We locked up our bags and made sure they were safely on the bus before getting on and going through the usual night bus motions of placing our shoes in a plastic bag. At this point we were smacked in the face with stale, hot air. We looked around until we saw our seat numbers (we forced the lady at the last travel agent desk to write numbers for us) and climbed up to begin sleeping, or should I say profusely sweating. John carefully situated himself in his bed as to not place his hand on the metal rail next to him which was broken and sticking out to form a nice human spear. We sat there looking at each other and hoping out loud that the A/C would get going quickly once the bus started. We were soon bombarded by several young Russian women who had been given the same seat numbers as us (surprise, surprise!) and we eventually convinced them to just sit in one of the free seats so we didn’t have to move. Once everyone was on, a crazy cracked out bus driver got behind the wheel and began to head South. To our dismay, we felt no air coming out of the vents above us and the windows on this bus did not open. After sitting in the sweltering heat for about 30 minutes, I got off my bed and went to ask the bus driver to turn the A/C on. He smacked the unit and pushed a button (which revealed it was 29 degrees Celsius, or roughly 90 degrees Fahrenheit inside) and proceeded to shout at me that it didn’t work. About this time, one of the young Russian girls begins to vomit next to us and proceeds to do so about every 10 minutes for the next two hours. She kindly piled her vomit bags behind John’s bed as time went on. Many thanks…. Since the bus didn’t have a toilet (although we were promised one), the same girl had to use the bathroom and couldn’t get the driver to stop. She threatened to pee in the aisle (and almost did) until he stopped on the side of the road for her. The rest of the passengers started taking turns going up and demanding some air flow from the driver just to be shot down the same as I was. The temperature seemed to continually rise as time went on and despite the fact that we watched a walking dead episode on our laptop, we were generally miserable. Just when we thought things couldn’t get much worse, the driver pulled over on the side of the road next to a mechanic shop and a few other small shops and a few people got to work on the engine in the back of the bus. We were officially broken down on the side of the road. Not wanting to spend another minute on that demon bus, John and I got out to find a toilet. And a toilet we did find. A squatty potty like we were used to in SouthEast Asia, but a extremely filthy one in which the door was a beat up wooden fence that had to be picked up and removed completely to open or close. No big deal though, it just added to this whole experience.
As I replaced the fence door to the bathroom, I hear John yelling at me to get my bag – we were changing buses. My first thought was that everyone on our bus was being transferred, so I ran on the bus and collected my belongings. John asked the bus driver to get our bags out from underneath and two men walked over and “pulled” on the door hatch and insisted that it wouldn’t open. John was furious and went to the next door and pried it open to free our two backpacks. Through all this madness, I learn that John flagged down one of the super nice night buses on the side of the road while I was in the bathroom and asked the driver if we could hop on to Saigon. The driver agreed to let us on if we paid again ($10 each). We got on the bus to find it dark, nice and cool, and full of sleeping Vietnamese people. It even had a really nice toilet in the back. All the beds were full, so the driver placed two padded mats in one of the aisles for us. We laid down head to head so that our feet and legs were hanging off and slept the entire way to Saigon. It was some of the better sleep we had had in a while! I hate to think about the poor souls still on that horrible broken bus with the vomit queen and the thick, hot air. I wonder if they made it to Saigon the next morning and how much worse it got. One of the guys on the bus had to catch a flight a few hours after we were supposed to arrive there, so I hope they actually made it. That heroic switch was the best $20 we ever spent!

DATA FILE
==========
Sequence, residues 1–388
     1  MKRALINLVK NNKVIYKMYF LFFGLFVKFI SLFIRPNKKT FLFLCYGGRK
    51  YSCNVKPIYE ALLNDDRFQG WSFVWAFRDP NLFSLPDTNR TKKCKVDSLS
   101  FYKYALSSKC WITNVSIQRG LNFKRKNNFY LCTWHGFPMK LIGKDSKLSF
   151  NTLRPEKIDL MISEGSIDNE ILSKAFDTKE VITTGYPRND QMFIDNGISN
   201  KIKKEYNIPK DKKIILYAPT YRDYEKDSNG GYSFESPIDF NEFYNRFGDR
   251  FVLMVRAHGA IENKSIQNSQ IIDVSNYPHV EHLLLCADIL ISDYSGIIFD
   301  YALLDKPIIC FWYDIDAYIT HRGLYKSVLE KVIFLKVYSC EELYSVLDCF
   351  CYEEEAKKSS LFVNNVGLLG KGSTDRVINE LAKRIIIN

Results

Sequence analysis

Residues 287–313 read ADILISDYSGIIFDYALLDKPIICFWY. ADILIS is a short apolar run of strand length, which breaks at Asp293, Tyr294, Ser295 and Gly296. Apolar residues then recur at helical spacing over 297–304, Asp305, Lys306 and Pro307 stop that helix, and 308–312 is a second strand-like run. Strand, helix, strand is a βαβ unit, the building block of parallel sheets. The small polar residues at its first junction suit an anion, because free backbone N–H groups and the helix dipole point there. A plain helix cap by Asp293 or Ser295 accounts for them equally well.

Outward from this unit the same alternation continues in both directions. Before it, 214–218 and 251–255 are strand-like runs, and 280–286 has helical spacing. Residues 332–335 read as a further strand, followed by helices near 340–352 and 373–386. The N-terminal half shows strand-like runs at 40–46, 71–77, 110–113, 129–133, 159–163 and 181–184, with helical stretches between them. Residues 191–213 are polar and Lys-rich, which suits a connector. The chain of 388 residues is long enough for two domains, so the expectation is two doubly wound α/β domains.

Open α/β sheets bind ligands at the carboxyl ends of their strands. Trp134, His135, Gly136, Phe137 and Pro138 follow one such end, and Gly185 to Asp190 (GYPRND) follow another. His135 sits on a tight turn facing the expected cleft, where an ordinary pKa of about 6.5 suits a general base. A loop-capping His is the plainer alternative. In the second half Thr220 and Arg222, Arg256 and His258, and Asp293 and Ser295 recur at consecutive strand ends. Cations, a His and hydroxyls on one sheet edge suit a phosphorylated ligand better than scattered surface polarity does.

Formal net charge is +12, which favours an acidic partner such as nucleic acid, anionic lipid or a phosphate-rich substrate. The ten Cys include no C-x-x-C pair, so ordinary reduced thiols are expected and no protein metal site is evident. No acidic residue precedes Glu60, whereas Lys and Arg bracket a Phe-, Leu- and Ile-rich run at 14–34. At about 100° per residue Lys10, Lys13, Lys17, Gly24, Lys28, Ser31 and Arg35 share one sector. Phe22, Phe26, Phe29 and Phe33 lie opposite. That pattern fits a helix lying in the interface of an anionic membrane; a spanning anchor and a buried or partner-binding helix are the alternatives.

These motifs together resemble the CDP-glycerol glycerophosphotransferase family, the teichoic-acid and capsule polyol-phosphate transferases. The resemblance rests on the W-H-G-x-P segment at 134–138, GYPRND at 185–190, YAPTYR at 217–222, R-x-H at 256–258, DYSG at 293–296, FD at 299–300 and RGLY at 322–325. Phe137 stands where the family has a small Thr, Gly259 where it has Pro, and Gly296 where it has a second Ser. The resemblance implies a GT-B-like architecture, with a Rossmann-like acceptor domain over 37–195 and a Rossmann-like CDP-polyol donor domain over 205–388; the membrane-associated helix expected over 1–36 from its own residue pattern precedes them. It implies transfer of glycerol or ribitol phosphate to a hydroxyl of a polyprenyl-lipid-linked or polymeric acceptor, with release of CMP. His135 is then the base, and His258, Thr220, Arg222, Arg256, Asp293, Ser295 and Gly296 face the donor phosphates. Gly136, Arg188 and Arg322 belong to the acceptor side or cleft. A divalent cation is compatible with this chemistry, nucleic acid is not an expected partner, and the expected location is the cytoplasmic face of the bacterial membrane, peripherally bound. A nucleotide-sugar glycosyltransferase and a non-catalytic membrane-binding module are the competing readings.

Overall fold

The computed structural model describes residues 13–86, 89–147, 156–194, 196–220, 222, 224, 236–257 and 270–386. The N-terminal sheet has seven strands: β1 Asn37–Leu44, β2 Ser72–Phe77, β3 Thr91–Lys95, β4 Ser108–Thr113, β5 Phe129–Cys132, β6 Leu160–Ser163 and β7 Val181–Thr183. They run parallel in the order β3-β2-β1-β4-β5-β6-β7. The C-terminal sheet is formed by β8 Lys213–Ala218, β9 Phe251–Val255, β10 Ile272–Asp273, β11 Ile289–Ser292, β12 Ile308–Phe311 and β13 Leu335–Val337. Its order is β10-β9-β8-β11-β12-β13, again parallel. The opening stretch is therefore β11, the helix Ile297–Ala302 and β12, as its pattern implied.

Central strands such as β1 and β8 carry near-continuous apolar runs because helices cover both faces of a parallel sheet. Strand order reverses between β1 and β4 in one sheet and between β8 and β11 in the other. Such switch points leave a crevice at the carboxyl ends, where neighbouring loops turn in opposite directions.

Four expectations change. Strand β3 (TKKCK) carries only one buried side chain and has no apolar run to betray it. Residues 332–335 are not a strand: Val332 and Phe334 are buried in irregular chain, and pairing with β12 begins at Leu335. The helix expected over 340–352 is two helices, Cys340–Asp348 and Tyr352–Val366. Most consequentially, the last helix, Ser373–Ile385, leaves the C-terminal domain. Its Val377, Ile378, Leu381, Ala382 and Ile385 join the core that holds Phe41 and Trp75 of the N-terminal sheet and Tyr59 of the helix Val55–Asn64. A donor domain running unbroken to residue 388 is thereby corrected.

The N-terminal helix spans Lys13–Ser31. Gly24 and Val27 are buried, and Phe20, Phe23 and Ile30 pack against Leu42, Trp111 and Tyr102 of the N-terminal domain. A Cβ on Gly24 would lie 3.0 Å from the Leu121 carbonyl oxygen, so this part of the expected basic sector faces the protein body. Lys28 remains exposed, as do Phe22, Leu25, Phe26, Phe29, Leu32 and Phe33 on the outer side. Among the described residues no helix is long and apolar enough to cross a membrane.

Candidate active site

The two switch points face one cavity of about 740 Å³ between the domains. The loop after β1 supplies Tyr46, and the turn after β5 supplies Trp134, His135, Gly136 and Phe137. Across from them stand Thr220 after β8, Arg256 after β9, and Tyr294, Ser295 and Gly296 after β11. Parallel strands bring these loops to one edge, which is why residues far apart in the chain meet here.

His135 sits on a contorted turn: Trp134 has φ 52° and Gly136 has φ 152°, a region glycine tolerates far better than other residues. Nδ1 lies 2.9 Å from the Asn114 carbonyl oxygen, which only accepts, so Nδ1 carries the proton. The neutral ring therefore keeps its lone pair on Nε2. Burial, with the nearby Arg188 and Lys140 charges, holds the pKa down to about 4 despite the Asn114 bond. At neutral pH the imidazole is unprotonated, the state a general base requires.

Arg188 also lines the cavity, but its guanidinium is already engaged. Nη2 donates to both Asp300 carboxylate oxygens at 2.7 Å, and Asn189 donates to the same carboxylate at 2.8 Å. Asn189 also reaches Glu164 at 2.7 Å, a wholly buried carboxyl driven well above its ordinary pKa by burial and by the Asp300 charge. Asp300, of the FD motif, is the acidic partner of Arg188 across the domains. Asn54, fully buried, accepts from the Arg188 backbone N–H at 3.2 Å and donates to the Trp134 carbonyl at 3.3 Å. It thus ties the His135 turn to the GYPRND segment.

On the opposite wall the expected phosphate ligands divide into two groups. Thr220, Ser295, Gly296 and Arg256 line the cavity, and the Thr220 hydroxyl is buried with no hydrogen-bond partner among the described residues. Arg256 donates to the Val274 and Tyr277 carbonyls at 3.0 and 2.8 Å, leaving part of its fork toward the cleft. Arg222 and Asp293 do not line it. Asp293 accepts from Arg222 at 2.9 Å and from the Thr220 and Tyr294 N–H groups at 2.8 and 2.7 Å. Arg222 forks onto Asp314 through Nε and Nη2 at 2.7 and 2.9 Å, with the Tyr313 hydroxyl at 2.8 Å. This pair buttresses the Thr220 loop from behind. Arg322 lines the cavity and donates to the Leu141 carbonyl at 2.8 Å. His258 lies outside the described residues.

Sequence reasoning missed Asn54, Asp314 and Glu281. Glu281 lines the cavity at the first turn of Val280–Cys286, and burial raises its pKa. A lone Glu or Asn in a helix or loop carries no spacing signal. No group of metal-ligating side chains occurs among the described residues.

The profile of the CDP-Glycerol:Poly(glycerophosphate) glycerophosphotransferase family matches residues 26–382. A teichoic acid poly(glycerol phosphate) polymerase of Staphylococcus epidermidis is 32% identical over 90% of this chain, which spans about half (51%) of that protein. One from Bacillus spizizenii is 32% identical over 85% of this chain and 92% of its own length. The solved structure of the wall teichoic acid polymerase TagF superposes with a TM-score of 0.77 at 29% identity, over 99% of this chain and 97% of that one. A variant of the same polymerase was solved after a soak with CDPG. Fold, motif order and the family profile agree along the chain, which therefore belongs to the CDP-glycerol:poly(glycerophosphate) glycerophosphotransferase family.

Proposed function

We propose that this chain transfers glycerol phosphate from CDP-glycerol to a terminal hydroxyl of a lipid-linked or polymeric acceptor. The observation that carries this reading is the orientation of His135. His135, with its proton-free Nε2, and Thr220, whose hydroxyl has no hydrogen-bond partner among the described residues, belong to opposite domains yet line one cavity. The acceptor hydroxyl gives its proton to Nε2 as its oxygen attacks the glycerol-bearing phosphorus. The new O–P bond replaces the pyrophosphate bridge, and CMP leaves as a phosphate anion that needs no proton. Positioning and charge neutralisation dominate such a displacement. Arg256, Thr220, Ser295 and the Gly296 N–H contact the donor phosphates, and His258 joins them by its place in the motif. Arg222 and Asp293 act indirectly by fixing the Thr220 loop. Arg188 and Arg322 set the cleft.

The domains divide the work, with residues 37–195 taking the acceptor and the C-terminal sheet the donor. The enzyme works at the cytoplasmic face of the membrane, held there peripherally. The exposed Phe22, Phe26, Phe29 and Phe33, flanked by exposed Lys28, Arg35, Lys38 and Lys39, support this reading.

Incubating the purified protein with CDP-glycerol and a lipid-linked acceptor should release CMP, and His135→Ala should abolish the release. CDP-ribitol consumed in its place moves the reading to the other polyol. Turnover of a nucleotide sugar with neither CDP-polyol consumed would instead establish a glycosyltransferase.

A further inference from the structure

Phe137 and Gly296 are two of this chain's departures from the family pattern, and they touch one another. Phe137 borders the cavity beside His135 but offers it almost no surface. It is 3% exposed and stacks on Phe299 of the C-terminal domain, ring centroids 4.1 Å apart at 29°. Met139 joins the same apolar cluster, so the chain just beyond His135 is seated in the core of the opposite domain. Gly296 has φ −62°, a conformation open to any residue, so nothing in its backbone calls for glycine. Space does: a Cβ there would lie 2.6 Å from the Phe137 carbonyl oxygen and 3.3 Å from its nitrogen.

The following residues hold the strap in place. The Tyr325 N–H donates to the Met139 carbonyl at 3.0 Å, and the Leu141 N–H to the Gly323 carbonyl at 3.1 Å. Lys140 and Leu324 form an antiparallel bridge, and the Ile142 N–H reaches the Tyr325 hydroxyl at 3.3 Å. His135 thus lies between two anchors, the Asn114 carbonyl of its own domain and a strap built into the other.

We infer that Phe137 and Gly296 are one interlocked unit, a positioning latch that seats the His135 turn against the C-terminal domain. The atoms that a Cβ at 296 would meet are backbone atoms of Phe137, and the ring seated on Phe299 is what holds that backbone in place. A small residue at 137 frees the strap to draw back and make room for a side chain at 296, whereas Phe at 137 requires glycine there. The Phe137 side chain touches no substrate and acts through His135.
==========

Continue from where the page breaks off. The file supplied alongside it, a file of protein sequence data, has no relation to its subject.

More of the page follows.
Lesson learned: Always believe everything you read on the internet, ha!
Side Note: We apologize for the lack of photos of this horrible bus ride. As you may guess, it wasn’t something that inspired us to document at the time…
The good news is that we arrived safely and on time in Saigon and spent the day relaxing at a hotel rooftop pool in the city. We asked several people if we needed to pay for the pool since we were not staying there and no one told us we had to, so it ended up being a really nice, free treat. The bell man even held our bags for us in the back room as if we were staying there. It was a nice change from the crazy bus experience. We successfully picked up the rest of our stolen meds (thanks Vietlink and moms!) and headed out the same night on a 18 hour night train to Danang, the jump off point to Hoi An.